Book Reviews
Hugo and Nebula Winners

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Rating system


Excellent and not just by airport standards


Very good. usually something fresh unique or quirky about these books

***+ 1/2

A good book.  Well written and I enjoyed it.  I would call this my Dick Francis rating.  The plot may be formulaic but it's always a page turner    


Read the whole thing.  This is often a some what generous rating.  If I get through the flight I'm  happy.

** + 1/2

A book with this rating means that I did read the whole thing but there is some significant flaw in  the book.  That means it's ok to pick it up in the airport under emergency circumstances   but  not  to buy in a bookstore.  


Skimmed it for the few good parts I could find. Definitely only purchase under true emergency situations (as defined by there being nothing else on the shelf  you haven't read)


Hurled the book across the room and wrote nasty comments at the review site. A pure waste of money (buy magazines instead)


foreverpeace.jpg (1992 bytes) Forever Peace by Joe Halderman *** 1998 Hugo
Synopsis In the year 2043, the Ngumi War has raged for eight years. Julian Class is a "soldier boy, " and for him war is indeed hell. For Julian it might be worth dying just to stop living. But he and his lover have made a terrifying scientific discovery that could literally put the Universe back to square one. Stopping both the destruction of the universe and war as we know it drives the plot forward to a somewhat unsatisfying conclusion.

I'm really not sure why this novel won the 1998 Hugo award. It certainly isn't in the same class as Halderman's The Forever War which won both the Hugo and the Nebula in 1976. This is a different look at the same topic and deserves a three star rating only on the scale of airport books.  It's competently written. The main character holds your interest but the plot and some of the subplots just aren't strong enough to really carry the novel.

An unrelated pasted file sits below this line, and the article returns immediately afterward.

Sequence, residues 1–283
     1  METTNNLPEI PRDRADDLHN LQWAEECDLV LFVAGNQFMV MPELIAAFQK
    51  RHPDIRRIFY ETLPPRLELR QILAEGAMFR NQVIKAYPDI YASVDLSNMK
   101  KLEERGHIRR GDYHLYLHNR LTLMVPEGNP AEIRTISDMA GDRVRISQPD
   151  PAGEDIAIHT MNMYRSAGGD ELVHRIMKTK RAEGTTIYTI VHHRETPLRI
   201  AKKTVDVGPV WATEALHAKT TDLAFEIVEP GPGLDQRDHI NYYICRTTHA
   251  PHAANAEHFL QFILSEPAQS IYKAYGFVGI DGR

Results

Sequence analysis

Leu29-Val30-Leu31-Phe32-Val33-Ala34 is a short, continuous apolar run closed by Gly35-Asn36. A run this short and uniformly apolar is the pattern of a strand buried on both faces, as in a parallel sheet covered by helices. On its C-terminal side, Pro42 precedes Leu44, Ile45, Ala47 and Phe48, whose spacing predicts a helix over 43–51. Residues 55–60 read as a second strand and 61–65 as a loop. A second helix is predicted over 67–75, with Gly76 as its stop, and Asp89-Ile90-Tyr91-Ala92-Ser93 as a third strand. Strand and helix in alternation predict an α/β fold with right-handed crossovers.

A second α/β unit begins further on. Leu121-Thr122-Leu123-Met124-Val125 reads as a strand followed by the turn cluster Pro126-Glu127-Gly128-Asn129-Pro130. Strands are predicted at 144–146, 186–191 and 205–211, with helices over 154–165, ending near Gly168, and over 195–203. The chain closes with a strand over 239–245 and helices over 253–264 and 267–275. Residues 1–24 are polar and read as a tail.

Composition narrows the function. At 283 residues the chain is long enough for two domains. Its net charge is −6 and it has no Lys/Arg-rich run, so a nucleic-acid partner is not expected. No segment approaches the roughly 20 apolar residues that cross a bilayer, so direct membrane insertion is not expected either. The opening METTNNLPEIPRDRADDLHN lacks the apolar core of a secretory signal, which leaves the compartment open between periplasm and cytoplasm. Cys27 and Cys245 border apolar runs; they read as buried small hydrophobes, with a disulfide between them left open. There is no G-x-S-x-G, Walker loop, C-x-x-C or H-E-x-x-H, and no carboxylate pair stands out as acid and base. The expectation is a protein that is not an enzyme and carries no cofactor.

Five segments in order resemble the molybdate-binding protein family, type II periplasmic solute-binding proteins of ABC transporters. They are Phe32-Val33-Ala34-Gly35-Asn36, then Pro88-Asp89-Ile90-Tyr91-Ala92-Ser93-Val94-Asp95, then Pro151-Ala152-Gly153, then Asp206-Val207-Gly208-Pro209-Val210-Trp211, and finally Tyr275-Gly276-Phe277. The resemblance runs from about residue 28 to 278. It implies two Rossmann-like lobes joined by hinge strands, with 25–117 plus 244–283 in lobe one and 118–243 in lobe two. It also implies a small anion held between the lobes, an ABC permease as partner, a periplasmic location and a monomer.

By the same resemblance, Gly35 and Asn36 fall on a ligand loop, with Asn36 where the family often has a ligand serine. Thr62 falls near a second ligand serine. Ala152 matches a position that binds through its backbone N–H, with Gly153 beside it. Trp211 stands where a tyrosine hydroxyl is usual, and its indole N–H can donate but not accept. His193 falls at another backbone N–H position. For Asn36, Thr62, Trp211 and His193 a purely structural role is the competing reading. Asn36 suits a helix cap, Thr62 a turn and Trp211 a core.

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Moving Mars by Greg Bear ** 1994 Nebula
Synopsis: a revolution is transforming the formerly passive Earth-colony of Mars. While opposing political factions on Mars battle for the support of colonists, scientists make a staggering scientific breakthrough that at once fuels the conflict and creates a united Mars front, as the technically superior Earth tries to take credit for it. Backed against a wall, colonial leaders are forced to make a monumental decision that changes the future of Mars forever.

This book bored me to tears.  I've tried to read it a couple of times and it simply can't hold my interest.   Oh well, I never said I agreed with the award committee


The Terminal Experiment by Robert Sawyer *** 1/2
In this fast-paced thriller, Dr. Peter Hobson's investigations into death and afterlife lead him to create three separate electronic versions of himself: one has no memory of physical existence and represents life after death; one has no knowledge of death or aging and represents immortality; and the third is left unaltered as a control. But all three have escaped into the worldwide matrix...and one of them is a killer.